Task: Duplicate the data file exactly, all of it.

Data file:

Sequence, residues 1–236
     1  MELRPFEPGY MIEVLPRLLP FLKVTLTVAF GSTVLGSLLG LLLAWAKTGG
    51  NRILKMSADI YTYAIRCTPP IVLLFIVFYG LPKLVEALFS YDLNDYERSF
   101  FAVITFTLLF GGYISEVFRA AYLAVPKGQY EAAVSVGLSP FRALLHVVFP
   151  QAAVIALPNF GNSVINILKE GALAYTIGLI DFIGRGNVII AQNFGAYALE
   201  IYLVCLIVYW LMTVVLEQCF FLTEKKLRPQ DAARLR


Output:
Sequence, residues 1–236
     1  MELRPFEPGY MIEVLPRLLP FLKVTLTVAF GSTVLGSLLG LLLAWAKTGG
    51  NRILKMSADI YTYAIRCTPP IVLLFIVFYG LPKLVEALFS YDLNDYERSF
   101  FAVITFTLLF GGYISEVFRA AYLAVPKGQY EAAVSVGLSP FRALLHVVFP
   151  QAAVIALPNF GNSVINILKE GALAYTIGLI DFIGRGNVII AQNFGAYALE
   201  IYLVCLIVYW LMTVVLEQCF FLTEKKLRPQ DAARLR